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Budget deadline? What budget deadline? Massachusetts lawmakers still negotiating final plan

Massachusetts Senate Ways and Means Chair Michael Rodrigues speaks to reporters about the Senate's fiscal year 2024 budget proposal, in an file photo from May 9, 2023.
Sam Doran
State House News Service
Massachusetts Senate Ways and Means Chair Michael Rodrigues speaks to reporters about the Senate's fiscal year 2024 budget proposal, in an file photo from May 9, 2023.

A new fiscal year in Massachusetts has begun — and there's no state budget yet.

Forty-six states began their fiscal year on July 1. Among them — Massachusetts, where budget negotiators continue working behind closed doors on the state's now-overdue annual budget.

According to Chris Lisinski from the State House News Service, when a consensus budget does emerge, very little stands between it and the governor's desk.

Chris Lisinski, SHNS: There will need to be some routine votes in the House and the Senate to accept what negotiators have produced behind closed doors. But those are pretty quick and straightforward once a bill emerges from a conference committee.

Lawmakers don't get a chance to amend it again on the floor, so it'll basically be a couple of quick votes to accept the negotiated package and send it over to the governor for her review, which of course can have much more time and changes attached to it.

Carrie Healy, NEPM: Pivoting to the U.S. Supreme Court's conservative majority restricting race-based considerations in admissions, college officials are now working with their lawyers to figure out next steps. Do we expect action from the Healey administration or from the Legislature? Understanding, of course, they can't override the Supreme Court, but can they influence admissions through programs or funding?

Yeah, I think we should expect something based on the way that Gov. Healey and legislative leaders have been speaking. We just don't really know what that is yet. We don't know if it's going to be focused on admissions practices themselves or perhaps aimed at other ways that people of color face difficulty accessing higher education.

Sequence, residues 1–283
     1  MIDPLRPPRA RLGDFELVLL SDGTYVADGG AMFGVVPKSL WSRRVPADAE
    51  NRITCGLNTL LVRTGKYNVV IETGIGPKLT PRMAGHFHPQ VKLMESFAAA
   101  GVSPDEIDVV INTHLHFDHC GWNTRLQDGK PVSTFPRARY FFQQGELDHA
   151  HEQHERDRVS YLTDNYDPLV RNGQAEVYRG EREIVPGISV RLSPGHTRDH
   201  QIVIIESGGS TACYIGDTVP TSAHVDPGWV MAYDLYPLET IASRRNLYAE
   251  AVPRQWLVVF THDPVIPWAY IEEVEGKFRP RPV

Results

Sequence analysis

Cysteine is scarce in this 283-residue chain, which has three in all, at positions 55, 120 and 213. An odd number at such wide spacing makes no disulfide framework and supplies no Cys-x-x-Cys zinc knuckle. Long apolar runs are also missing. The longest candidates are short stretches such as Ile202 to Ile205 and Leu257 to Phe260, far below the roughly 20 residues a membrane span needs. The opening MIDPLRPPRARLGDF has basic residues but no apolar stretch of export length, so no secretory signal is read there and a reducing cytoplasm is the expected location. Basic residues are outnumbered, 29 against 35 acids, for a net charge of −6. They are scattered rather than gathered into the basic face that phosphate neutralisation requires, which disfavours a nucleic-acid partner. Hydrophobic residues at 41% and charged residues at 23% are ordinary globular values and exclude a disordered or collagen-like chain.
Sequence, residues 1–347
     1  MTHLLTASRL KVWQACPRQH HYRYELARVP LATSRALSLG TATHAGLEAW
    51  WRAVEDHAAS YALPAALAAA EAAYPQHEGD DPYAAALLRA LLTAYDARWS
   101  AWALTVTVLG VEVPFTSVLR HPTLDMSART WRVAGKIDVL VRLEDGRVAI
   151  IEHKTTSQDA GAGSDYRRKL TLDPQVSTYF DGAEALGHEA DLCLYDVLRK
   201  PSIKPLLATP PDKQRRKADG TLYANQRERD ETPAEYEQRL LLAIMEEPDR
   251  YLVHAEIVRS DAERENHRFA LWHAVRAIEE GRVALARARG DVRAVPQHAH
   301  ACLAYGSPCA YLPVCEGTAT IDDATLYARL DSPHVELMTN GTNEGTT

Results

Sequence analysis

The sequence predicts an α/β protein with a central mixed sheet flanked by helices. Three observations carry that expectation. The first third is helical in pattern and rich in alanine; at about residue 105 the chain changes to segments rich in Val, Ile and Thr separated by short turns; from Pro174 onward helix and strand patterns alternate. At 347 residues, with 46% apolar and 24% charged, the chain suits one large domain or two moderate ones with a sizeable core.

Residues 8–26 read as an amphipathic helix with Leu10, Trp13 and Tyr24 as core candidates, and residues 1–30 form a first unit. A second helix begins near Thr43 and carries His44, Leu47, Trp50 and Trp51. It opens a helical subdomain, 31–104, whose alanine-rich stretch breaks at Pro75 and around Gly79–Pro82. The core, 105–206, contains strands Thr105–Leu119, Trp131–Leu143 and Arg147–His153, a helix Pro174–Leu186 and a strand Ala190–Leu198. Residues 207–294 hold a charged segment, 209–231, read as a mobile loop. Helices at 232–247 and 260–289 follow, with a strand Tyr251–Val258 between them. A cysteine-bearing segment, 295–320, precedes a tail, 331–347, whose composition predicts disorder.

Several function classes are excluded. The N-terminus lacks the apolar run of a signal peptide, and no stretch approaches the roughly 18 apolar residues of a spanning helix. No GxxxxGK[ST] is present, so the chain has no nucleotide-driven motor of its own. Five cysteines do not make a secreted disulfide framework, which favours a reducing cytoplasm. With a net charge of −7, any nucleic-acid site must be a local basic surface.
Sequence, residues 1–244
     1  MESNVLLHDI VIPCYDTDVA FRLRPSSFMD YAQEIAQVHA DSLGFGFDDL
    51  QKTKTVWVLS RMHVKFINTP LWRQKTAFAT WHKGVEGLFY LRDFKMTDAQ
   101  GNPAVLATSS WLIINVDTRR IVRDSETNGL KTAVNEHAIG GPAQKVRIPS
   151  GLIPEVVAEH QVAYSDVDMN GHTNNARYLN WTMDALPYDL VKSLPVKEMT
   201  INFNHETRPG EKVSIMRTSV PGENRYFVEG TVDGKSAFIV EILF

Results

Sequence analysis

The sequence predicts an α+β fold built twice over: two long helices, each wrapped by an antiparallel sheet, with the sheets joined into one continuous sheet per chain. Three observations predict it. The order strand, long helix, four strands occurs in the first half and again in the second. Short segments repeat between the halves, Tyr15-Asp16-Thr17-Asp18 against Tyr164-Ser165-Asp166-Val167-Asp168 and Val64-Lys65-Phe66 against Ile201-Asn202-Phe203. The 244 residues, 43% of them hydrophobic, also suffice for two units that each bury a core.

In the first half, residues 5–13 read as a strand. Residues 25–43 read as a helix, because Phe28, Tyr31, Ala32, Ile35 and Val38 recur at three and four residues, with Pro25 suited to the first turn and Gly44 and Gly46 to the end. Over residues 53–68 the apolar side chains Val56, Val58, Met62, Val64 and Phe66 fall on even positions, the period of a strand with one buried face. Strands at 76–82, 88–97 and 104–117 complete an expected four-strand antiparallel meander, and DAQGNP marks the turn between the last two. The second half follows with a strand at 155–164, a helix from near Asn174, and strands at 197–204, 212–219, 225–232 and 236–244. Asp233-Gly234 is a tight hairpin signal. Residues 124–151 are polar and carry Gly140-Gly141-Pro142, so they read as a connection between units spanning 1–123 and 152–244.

A lot of the commentary we heard when the Supreme Court issued its ruling focused on the importance of diversity on higher education campuses and the commitment by top elected Democrats here in Massachusetts to ensuring that.

So I wouldn't be surprised to see action focused on funding, focused on access, focused on reducing barriers. But when it comes to admissions practices themselves, it's really just not clear what the governor and Legislature could do without running afoul of the Supreme Court's ruling.

Massachusetts is now a couple months into a massive, year-long effort to check the eligibility of people getting insurance through MassHealth. This comes as a recent audit of MassHealth by State Auditor Diana DiZoglio's office turned up some problems. What's going on here, Chris?

Yeah. DiZoglio released an audit recently concluding that MassHealth paid more than $84 million related to care for residents who were actually living in other states and therefore not eligible for MassHealth — which, we should note, combines both Medicaid and the Children's Health Insurance Program under one umbrella, here in Massachusetts.

This wasn't related to the redetermination process. The audit period ran from 2018 through the fall of 2021, so several years ago. But it said that MassHealth spent millions of dollars on services for people who do not live here in Massachusetts. It's also worth noting that MassHealth put out a pretty forceful response to this audit and said that the auditor's office was overly broad and misleading with its methodology and its conclusion.

OK, it's summer, but lawmakers are continuing to hold roundtables and hearings. One set of bills is aiming to improve sickle cell disease care. In the U.S., this painful genetic disease affects mainly African Americans and Latinos. A bill co-sponsor, state Rep. Bud Williams of Springfield, held a discussion with doctors and advocates. So what was the takeaway there and what are the next steps?

Yeah, one of the real points that they hammered during this is that patients with sickle cell disease often face barriers getting treatment for that. Because the pain that they experience, many medical practitioners will just not think of it as sickle cell disease, might misdiagnose it, or believe that it's something else, because this is a disease that isfar more concentrated among black and brown people.

Supporters say that they've heard really significant support from House leaders, Speaker Ron Mariano, Ways and Means Chairman Aaron Michlewitz, which could signal that this is something primed for action this session.

Carrie Healy hosts the local broadcast of "Morning Edition" at NEPM. She also hosts the station’s weekly government and politics segment “Beacon Hill In 5” for broadcast radio and podcast syndication.
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